Karlin Tichenor '09 Leads Lansing School Office of Culture
Karlin Tichenor ’09 looks at the foundation of school culture, trying to effect positive change for students.
Tichenor leads the Lansing School District’s Office of School Culture, which is working to reduce traditional barriers to education by focusing on positive discipline and reinforcement.
In a Lansing State Journal interview, Tichenor answers questions about his background and work.
Tell me a little about yourself and your work for the Lansing School District
I received my bachelor’s degree from Denison University in 2009 in communication and psychology. After that, I began working at Michigan State University as part of a summer research project – The Ronald E. McNair Post-Baccalaureate Achievement Program – targeting students who were first-generation college students, inviting them to do research with a mentor in one of the departments. From there, I got my master’s degree in marriage and family therapy and began to connect to education-based programs and grants involving research. I then got my Ph.D. in human development and family studies, and during that time I was working for the Lansing School District developing programs that started with the behavior intervention monitor program.
What is the goal of the Office of School Culture?
(The Lansing School District) started this office in July of 2016, with the decision of the Board of Education and the superintendent to create an office focused on improving school culture while integrating mental health and other resources. In our work, we try to be more proactive around identifying practices to help schools improve their culture to create predictable and positive environments that are conducive to students.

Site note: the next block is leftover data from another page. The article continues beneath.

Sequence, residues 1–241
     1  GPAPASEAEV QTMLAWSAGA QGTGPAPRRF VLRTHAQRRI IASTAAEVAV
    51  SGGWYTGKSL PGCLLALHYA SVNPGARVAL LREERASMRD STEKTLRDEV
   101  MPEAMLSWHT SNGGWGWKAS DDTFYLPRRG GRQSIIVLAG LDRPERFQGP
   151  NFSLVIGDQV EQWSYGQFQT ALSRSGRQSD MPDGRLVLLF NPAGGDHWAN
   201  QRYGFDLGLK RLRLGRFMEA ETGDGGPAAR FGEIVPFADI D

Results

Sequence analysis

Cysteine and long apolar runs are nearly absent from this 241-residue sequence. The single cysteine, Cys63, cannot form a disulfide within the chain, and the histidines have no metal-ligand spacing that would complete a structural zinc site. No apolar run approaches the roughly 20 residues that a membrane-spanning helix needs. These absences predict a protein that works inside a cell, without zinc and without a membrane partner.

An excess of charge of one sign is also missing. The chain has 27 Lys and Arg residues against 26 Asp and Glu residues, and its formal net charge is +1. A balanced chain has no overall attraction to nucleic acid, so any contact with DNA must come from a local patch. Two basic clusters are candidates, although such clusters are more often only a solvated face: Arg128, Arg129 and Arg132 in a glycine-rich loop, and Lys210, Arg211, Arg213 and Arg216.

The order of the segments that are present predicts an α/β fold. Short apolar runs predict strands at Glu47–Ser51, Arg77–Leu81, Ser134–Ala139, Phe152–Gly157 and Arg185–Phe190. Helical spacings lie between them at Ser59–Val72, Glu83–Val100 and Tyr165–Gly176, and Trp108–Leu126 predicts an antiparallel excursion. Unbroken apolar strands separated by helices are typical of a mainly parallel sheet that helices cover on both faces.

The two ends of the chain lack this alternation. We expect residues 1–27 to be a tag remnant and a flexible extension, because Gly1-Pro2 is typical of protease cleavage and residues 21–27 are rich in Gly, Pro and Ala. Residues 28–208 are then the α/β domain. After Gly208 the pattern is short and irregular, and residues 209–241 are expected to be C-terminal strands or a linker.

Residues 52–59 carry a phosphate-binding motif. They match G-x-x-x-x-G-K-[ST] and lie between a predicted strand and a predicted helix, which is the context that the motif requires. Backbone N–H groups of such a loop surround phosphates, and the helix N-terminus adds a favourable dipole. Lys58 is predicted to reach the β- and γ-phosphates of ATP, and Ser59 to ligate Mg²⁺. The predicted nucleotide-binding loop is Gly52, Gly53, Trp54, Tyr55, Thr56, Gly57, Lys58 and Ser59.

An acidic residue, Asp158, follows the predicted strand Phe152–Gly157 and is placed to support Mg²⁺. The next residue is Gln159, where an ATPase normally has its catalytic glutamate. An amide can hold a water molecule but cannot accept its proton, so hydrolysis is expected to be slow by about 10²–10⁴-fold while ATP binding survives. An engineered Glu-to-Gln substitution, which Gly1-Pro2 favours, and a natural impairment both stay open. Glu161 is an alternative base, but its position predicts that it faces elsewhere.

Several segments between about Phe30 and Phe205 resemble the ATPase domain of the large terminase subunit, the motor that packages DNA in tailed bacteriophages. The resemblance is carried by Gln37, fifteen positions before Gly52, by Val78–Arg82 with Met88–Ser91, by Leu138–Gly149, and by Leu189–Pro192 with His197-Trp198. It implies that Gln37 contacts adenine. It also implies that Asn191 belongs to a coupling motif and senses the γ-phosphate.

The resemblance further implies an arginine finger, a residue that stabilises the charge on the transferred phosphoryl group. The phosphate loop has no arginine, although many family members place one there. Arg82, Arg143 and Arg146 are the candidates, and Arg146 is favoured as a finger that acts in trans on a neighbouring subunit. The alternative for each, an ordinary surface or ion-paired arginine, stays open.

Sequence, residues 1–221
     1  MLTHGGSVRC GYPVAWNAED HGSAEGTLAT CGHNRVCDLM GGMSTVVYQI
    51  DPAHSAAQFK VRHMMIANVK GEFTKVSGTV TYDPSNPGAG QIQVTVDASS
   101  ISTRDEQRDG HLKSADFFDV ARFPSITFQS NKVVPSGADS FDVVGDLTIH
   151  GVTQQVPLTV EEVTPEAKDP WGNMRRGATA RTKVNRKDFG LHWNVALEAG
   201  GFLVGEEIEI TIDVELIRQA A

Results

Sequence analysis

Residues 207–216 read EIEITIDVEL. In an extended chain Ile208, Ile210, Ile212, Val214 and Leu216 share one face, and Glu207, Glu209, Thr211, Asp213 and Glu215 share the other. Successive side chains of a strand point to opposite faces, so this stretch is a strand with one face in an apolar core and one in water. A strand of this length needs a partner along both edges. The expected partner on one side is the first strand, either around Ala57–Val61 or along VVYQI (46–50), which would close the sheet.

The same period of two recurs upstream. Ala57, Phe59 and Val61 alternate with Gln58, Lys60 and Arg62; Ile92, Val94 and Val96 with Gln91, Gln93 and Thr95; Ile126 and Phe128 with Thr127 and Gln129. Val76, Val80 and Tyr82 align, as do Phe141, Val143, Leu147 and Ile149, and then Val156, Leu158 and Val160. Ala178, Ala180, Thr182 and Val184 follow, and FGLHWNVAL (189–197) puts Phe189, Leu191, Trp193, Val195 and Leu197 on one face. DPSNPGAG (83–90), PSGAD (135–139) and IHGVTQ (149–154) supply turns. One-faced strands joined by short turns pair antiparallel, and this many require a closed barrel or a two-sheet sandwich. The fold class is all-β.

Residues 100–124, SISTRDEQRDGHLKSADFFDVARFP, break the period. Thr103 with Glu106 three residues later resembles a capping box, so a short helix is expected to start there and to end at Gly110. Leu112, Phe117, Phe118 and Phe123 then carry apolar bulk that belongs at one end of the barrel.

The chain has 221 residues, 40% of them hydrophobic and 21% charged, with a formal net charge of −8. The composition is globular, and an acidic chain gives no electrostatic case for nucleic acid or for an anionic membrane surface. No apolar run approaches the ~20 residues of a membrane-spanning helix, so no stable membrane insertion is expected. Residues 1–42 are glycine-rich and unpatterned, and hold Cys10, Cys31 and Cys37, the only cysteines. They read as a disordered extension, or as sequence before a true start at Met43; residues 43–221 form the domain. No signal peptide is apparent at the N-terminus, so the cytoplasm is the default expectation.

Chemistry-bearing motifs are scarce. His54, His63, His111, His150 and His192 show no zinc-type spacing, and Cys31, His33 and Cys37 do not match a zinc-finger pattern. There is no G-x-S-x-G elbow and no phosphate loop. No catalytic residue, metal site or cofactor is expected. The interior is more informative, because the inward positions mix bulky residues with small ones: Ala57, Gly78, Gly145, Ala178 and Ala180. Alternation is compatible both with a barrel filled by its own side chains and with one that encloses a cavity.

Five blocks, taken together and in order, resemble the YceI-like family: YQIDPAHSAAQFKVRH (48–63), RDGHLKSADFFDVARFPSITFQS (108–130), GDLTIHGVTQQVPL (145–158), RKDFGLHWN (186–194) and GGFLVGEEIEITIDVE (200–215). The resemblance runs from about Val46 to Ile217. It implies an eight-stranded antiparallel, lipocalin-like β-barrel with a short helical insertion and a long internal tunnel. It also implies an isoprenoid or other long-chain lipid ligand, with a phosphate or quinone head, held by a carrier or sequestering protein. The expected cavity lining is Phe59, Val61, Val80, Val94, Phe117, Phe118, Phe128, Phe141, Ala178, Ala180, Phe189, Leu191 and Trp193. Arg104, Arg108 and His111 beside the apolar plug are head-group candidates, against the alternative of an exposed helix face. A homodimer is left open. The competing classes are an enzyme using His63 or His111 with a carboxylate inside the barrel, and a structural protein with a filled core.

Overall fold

What’s been the impact of the Office of School Culture and its focus on alternatives to traditional disciplinary practices?
We’ve seen a reduction in our expulsion rates. Attendance is up in some categories, and we’re seeing kids be more engaged in school. Staff members are also more understanding of the holistic child, who they come to school as and the challenges they have. We’ve also seen a reduction in violent and aggressive behaviors and staff and students have stronger relationships as part of our new approach to conflict resolution, though there is still more work to be done.
What ongoing efforts will make the biggest impact on student’s education in the coming years?
I think we have to target chronically absent students with focused support at certain grade levels and a coach who has expertise in truancy. We will also continue with our conflict resolution services, so we can have a more expansive approach within classrooms and hallways, responding with restorative conversations between students, staff, parents and community members. What we’re trying to really do is highlight the importance of restructuring education so social-emotional learning alongside behavior and mental health are at the forefront rather than an afterthought.